Monday, April 04, 2022

Best books: The Art of Modern Jazz Drumming - Dejohnette / Perry

“As our mental image becomes more precise, we are better able to select muscle movements which will achieve our goals quickly, efficiently, and accurately.”

I'm surprised I haven't written much about this book already— The Art of Modern Jazz Drumming, by Jack Dejohnette and Charlie Perry. It's my favorite jazz drumming book, after Syncopation. Together with Bob Moses's Drum Wisdom, it makes up a pretty expansive 60s-70s era doctrine of creative jazz drumming, that I very much agree with.  

It includes a lot of practice materials, but also a lot of informational text, which may be the most important parts of it. There are sections on listening, the general elements of contemporary jazz drumming, a historical overview of modern drumming, improvisation, drums-band interaction and improvisation, the cymbal line, cymbal interpretation, interaction of parts of the drum set, meter-within-meter playing, song form, the rhythm section, clave rhythm, phrasing, muscular tension, and body motion. Each thing is well illustrated, with recorded examples cited. Now that all music is instantly available on the internet, I need to reread it and actually listen to the recordings I was never able to find as a student.  

It is purely a book about creative playing, for the drum set as a four limbed instrument. There's nothing in here purely about the hands. Not much about the job of playing structurally, except broadly. 

Book I deals with meter-within-meter playing— mostly, playing 3/4 ideas in a 4/4 setting. Some of the patterns are similar Mel Lewis's rubadub idea. There are a lot of practice patterns written in a very loose format. It's a very valuable chapter that nevertheless could have used some editing/polishing— that doesn't matter, you figure out what to do with it. 

Book II deals with triplet patterns with the hands and feet, played as solo patterns, and played along with a cymbal rhythm.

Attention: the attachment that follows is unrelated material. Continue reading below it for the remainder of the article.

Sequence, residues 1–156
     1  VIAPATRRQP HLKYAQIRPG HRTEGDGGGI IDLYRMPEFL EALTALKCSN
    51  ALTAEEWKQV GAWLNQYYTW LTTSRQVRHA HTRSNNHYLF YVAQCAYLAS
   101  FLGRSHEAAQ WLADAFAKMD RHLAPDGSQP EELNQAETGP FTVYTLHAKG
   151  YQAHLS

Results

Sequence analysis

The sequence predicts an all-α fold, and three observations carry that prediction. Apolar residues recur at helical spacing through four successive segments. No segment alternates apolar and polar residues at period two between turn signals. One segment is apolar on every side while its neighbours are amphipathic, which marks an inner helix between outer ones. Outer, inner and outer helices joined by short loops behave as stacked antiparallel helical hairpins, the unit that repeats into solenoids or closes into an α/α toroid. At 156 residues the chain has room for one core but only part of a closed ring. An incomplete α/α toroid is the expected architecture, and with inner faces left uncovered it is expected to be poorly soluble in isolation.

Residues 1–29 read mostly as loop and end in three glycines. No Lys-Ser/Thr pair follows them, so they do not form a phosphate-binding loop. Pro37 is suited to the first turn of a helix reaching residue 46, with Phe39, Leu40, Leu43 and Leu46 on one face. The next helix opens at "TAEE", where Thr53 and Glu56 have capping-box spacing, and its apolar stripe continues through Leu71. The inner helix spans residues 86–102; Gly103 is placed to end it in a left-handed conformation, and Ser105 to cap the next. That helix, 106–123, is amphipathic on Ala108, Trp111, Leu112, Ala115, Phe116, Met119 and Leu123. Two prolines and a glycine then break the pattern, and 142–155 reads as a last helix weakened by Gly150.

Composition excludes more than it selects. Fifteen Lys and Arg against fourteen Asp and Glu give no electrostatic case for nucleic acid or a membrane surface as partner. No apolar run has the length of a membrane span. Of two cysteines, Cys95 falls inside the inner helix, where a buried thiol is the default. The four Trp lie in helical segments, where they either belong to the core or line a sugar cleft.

Book III deals with modern feet and left hand independence with a cymbal rhythm, in triplet partials. I certainly practiced this a lot; today I feel like there may be better ways of developing the same thing. Then again, we're not supposed to be living in book exercises, you're supposed to use them as a starting place. The entire book requires you to take a creative approach— you practice the pattern a little bit, then improvise with the broad idea of it. 

My complaints/caveats are: 

Too focused on triplets. Triplets are a fairly narrow range of what happens in jazz drumming. I think it's better to have 8th notes— swung or not— and quarter notes as your primary orientation. 

The book may even over-emphasize the creative, improvisatory, interactive aspects of playing. As a feral young jazz student, it took me awhile to figure out that my job was also to provide a foundation. My education was imperfect, that's not the book's fault. 

The meter-within-meter section could have been more developed, and polished. Many of the patterns seem redundant as written. It takes some creativity to get full value from it.  

The notation style is somewhat archaic, though that doesn't wreck the book, as it does many others. 

That's all fine— I don't think it's good to be looking for complete answers from any book. 

There's a big contrast in attitude between it and the most popular jazz drumming book ever— Art of Bop Drumming. AOBD is largely a style guide— a creative framework within a pretty particular set of boundaries. AOMJD is more of an open ended map of the creative terrain. They do serve different purposes. In retrospect I could have use some of the boundaries AOBD provides; I think many more people are missing the perspective AOMJD provides.  

120 pages. 

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